The rules were tightened despite huge pressure to fully open an economy suffering its steepest job losses since the aftermath of the 1997 Asian financial crisis. Gross domestic product is forecast to shrink 0.2 per cent this year, according to the country’s central bank, but the tougher controls underscore the priority given to public health.
Conceding that there have been setbacks, Seoul’s mayor believes the city is demonstrating to the world that economic reopening can only be achieved alongside stringent prevention and containment measures, as well as the humility to pivot, backtrack and admit mistakes.
“People can’t live alone at home forever . . . If we abide by strict disinfection and quarantine rules, check temperatures and wear masks, these [flare ups] are not likely to lead to massive outbreaks,” says Mr Park.
At Geumho-dong, just north of the Han river that slices across Seoul, staff from the Royal Singing Room, home to several floors of the country’s ubiquitous karaoke rooms, known as noraebang, disinfect each room between customers — microphones included.
Nearby, at Vogue 2, a basement-level computer gaming parlour, customers’ temperatures are checked on entrance and they are required to wear a mask. In the same neighbourhood, at Matdakko, a no-frills restaurant serving Korean staples of fried chicken and draught beer, employees regularly give similar treatment to every table, chair and door knob. Doors are kept open to increase air circulation, despite the stifling summer heat.
Spiritual life, too, has adjusted. In a country where more than half the population identify as religious, places of worship pose a key threat, exposing often elderly congregations more vulnerable to illness. At Palbok Presbyterian Church, in a quiet residential area of Incheon, a port city on Seoul’s outskirts, worshippers must register electronically before donning latex gloves and surgical masks to enter and quietly sit on the white spots marked out on the church’s wooden pews. The services have been cut from daily to twice a week.
Son Young-rae, a health ministry spokesperson, says it has become clear that the “only viable option” to enable economic activity to return while the virus persists is to “harmonise our daily lives with containment efforts”.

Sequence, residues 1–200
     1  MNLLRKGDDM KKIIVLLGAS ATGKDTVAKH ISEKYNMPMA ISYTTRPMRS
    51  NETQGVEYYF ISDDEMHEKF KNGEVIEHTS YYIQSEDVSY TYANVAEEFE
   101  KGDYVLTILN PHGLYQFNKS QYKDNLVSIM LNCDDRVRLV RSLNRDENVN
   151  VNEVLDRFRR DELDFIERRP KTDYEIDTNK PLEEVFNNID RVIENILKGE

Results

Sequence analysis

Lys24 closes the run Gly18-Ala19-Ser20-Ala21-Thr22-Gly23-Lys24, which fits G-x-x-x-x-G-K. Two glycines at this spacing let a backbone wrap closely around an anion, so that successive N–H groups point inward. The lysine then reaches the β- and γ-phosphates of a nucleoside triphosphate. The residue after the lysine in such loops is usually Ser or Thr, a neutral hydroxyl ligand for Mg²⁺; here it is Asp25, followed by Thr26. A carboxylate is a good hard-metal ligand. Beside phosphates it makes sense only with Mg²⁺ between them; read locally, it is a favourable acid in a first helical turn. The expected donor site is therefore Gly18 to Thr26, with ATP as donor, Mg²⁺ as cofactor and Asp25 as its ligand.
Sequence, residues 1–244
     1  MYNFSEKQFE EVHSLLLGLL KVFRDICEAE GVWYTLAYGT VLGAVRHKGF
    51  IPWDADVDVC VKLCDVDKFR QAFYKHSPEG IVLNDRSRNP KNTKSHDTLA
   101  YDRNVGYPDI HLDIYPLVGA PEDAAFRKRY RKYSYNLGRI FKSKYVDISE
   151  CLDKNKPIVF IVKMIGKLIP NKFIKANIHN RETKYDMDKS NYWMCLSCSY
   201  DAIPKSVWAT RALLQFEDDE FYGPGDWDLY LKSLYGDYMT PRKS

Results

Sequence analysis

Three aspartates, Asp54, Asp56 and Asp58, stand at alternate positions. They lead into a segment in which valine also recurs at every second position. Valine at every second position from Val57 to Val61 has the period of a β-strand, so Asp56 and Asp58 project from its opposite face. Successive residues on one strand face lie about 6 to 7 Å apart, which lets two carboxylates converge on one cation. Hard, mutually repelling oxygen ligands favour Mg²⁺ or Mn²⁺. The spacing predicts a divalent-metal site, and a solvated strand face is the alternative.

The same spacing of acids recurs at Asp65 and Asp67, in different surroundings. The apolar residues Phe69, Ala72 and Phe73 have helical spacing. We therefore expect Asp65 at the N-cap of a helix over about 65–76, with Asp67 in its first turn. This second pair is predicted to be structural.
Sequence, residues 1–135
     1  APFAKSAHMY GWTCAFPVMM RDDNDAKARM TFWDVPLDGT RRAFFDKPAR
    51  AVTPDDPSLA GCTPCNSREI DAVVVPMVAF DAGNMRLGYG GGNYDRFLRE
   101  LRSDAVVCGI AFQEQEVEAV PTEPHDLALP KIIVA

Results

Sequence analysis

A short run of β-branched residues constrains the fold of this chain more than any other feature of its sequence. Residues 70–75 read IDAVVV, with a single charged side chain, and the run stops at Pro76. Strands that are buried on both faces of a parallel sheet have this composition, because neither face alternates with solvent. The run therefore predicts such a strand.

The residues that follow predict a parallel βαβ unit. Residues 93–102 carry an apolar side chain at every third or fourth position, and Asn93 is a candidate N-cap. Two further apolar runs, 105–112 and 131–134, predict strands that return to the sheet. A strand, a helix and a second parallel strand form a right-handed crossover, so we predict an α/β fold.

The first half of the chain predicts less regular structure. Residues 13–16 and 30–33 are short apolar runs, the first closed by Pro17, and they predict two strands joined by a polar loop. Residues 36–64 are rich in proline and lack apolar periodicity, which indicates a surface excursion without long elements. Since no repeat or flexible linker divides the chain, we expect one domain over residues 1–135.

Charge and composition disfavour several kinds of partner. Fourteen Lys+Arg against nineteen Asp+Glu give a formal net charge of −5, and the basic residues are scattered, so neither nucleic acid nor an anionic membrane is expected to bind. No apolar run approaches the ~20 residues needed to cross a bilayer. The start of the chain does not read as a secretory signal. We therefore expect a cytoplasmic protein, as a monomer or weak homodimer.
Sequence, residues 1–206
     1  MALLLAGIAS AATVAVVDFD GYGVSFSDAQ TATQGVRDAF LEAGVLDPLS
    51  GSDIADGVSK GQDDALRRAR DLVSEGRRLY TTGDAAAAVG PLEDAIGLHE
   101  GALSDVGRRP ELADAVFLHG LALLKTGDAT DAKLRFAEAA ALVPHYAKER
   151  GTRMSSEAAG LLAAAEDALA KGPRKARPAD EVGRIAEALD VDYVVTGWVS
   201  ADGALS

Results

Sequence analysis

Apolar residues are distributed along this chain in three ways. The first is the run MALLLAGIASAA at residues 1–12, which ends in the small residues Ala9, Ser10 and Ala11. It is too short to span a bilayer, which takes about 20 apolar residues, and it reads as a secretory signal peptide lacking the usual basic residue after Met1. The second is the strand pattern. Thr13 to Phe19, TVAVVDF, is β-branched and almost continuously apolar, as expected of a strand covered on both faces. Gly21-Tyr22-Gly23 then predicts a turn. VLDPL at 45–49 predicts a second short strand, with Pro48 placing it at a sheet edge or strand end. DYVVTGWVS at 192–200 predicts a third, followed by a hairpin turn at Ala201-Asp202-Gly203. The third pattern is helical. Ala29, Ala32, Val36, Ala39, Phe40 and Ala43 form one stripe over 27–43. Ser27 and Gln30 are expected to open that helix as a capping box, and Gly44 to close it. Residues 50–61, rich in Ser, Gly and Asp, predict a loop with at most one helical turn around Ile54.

“People’s co-operation is essential for successful containment,” he says. “It is very important that citizens, businesses and institutions follow the rules.”
When health officials were dispatched to Daegu, the country’s fourth-biggest city, in late February in a desperate attempt to track down members of the Shincheonji Church of Jesus who had been exposed to the virus, it took about two weeks to find and test 9,000 followers of the quasi-Christian sect — at the time the feat was impressive by international standards.
By late May, when workers fell ill at a logistics centre belonging to the country’s biggest ecommerce company, Coupang, a team of investigators, part of a Korean Centers for Disease Control and Prevention “rapid response” unit, were able to identify and test 5,000 people within three days.
The episode illustrates just how far the organisation has progressed in the speed and accuracy of its “trace and test” methods since the start of the outbreak. It is part of a broader series of improvements made across the bureaucracy, which has underpinned officials’ confidence in keeping most businesses and institutions open.
“In the case of the first patient in the Shincheonji cluster, it took about five to six days to find out her exact itinerary. But now we can get basic data in just 10 to 20 minutes,” says Mr Son, at the health ministry. “If we need to find out the itinerary of about 40 people who came into contact with a patient, we can do it within a day. It makes a big difference if you can do it within a day or a week. The slower the process is, the more people get infected.”
By comparison, in the UK — where the lockdown measures are slowly being lifted despite an average rate of 32,000 new infections every week since late April, according to official data — a similar manual contact tracing system remains largely untested, having only launched at the end of May and an associated app, promised for last month, remains marred by technical problems and delays.